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Senior Correspondent

Five old friends have included me in a series of far-reaching e-mail conversations about two important social issues — health care and poverty. This week I want to review the first issue in our conversations, and next week the second. All six of us are economically comfortable, without any of us being super affluent. None of us have serious needs we cannot meet. We all have adequate heath care and decent insurance. Two of our number are physicians and the other four are fairly well informed about current health-care issues.

While there is a range of political perspectives, I hesitate to describe them or suggest that friend A is a conservative and friend B is a liberal. While I have little trouble accurately categorizing my own perspective, I’m often mistaken about anyone else’s. But it is clear that in a serious discussion of national issues we represent a range of political viewpoints.

All of us of us have spent most of our professional lives in a conservative part of Northwest Missouri, and have taken seriously the perspective of that region. I know that the moment I attempt to identify what we believe, half of the number will protest the validity of my summary. Nevertheless here goes; this week regarding health care.

What is immediately obvious, at least to me, is the breadth of things about which there is general, if not total, agreement. Here are four of them:

  1. The only adequate answer to providing universal health care insurance for the American people may finally be some form of a single-payer system, or at least a plan that covers everyone. The most obvious solution is a universal extension of something like Medicare. Given the range of our political perspectives, this almost unanimous conclusion is surprising. The caveat involves how we can produce any universal system without developing just another government bureaucracy. None of us seems ready to crown government with unqualified wisdom.
  2. The medical system, capped by payment for services, must be replaced by a system in which providers are adequately salaried. The Cleveland and Mayo clinics offer hopeful examples.       
  3. Prevention is critical to decent medical care. That means a better handle on chronic issues such as obesity, diabetes and other preventable pathologies. Smoking and uncontrolled obesity must be the individual’s responsibility. Society cannot continue to pay for disastrous life-styles.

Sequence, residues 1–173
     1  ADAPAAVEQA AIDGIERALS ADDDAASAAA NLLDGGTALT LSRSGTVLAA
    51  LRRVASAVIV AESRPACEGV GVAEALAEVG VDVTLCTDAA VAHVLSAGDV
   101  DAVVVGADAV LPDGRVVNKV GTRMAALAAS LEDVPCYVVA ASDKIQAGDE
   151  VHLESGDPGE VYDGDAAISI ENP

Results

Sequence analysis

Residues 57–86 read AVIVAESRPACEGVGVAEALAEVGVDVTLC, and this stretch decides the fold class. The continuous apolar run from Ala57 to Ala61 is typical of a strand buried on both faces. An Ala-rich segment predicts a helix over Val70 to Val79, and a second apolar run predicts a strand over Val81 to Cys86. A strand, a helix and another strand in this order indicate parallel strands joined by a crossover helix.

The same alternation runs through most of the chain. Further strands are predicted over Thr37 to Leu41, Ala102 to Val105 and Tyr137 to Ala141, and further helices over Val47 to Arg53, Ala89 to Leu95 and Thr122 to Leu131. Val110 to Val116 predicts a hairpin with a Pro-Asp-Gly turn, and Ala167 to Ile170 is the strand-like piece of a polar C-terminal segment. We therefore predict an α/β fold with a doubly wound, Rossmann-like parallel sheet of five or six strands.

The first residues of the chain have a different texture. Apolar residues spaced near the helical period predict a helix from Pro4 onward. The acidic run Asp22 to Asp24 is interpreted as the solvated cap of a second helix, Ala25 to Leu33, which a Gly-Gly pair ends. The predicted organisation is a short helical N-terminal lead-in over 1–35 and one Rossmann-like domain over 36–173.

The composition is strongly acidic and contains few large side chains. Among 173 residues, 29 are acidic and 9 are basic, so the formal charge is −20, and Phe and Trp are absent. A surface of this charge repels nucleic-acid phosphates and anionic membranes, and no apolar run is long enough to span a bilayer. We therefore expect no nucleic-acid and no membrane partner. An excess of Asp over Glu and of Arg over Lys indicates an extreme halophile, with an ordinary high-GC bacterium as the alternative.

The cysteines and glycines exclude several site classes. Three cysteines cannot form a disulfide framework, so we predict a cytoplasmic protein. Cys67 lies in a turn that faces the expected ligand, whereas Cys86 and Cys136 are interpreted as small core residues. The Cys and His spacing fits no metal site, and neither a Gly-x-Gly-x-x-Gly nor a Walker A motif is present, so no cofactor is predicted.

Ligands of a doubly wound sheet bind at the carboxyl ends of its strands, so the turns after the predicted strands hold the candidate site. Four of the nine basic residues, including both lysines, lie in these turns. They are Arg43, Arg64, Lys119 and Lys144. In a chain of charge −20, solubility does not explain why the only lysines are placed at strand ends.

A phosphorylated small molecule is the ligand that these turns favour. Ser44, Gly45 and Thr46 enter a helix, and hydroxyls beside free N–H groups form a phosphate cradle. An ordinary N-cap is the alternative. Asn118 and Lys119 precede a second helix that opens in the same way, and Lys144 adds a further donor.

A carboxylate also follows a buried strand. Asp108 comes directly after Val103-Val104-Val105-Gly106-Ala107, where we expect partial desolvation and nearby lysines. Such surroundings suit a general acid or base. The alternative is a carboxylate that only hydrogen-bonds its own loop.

4. Every citizen must be part of the solution. If health care is seen as a right, caring for one’s own health becomes a civic responsibility. Everybody must have skin in the game. How that gets enforced or even mandated is a serious unsolved problem.

In other areas of discussion we found no clear agreement, although the breadth of disagreement was never absolute. Here are three questions which still divide us.

  1. Are there useful models in nations which have already developed an insurance system covering practically everyone? Do the English, Canadian, French, or Swiss systems provide clues to where we could profitably be headed? Or are the problems inherent in all of these systems insurmountable?
  2. Are there ways to solve the insurance problem without relying on the government, which may already be far too intrusive in America’s health care system? Have we exhausted the ability or willingness of the private sector to address the critical problems?
  3. Is the Affordable Care Act part of the answer or just an extension of the problem?

Perhaps there is beginning to arise a national consensus centering on both our areas of agreement and those things about which we disagree. Nevertheless, there may exist an unbridgeable gulf between any general consensus as to the future of health care, and what Congress is willing to do. Even if a single-payer system makes sense, the current composition of Congress will reject even a discussion of the matter.

Next week we will take a look at what our modest group holds about poverty and the growing gap between America’s rich and America’s poor. Since none of us lives below the poverty line, and all of us desire to keep our standard of living about where it is, areas of agreement will tend to be somewhat more narrow. Even so, a common respect for each other’s opinions may offer a model for the larger necessary discussion.

It would be interesting to hear about conversations you are having with your friends.

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